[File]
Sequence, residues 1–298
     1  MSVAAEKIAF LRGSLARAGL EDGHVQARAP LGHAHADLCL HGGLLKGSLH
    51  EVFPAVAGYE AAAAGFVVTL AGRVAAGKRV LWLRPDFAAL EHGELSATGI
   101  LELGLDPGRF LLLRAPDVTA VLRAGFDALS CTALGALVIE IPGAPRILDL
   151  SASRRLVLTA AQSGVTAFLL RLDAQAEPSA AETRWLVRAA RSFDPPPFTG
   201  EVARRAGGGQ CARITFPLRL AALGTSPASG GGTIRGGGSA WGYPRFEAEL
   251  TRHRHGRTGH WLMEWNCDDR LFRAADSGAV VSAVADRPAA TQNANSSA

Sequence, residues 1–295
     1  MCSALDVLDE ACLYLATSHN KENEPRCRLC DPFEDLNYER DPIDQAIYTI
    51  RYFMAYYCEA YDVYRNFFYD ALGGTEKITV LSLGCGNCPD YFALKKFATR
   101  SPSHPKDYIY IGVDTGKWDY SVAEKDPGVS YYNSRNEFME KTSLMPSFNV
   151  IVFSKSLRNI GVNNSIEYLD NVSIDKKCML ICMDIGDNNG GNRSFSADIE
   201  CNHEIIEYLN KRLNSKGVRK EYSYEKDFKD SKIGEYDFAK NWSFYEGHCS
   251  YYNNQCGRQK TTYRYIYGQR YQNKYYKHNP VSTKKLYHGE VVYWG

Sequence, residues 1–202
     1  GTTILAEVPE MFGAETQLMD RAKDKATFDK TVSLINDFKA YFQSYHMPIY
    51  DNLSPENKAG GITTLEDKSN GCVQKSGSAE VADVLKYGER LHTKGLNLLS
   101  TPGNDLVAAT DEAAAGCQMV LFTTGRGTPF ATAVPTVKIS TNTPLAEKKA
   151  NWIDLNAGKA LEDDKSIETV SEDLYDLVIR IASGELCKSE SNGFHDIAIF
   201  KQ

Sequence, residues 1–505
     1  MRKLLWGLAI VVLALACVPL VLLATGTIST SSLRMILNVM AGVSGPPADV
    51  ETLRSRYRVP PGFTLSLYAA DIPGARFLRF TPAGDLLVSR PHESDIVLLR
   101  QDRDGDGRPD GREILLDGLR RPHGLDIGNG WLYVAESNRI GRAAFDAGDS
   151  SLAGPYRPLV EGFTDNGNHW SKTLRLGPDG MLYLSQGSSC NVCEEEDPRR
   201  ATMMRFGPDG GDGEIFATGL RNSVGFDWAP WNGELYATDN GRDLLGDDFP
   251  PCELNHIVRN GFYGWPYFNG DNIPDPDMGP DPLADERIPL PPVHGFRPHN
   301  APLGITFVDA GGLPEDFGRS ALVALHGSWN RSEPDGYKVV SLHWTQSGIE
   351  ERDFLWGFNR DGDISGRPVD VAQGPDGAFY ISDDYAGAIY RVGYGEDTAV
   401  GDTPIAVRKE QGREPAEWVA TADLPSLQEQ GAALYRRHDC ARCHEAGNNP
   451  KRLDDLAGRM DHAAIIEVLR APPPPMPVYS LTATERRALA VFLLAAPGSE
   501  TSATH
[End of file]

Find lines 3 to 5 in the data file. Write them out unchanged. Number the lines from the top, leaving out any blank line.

    51  EVFPAVAGYE AAAAGFVVTL AGRVAAGKRV LWLRPDFAAL EHGELSATGI
   101  LELGLDPGRF LLLRAPDVTA VLRAGFDALS CTALGALVIE IPGAPRILDL
   151  SASRRLVLTA AQSGVTAFLL RLDAQAEPSA AETRWLVRAA RSFDPPPFTG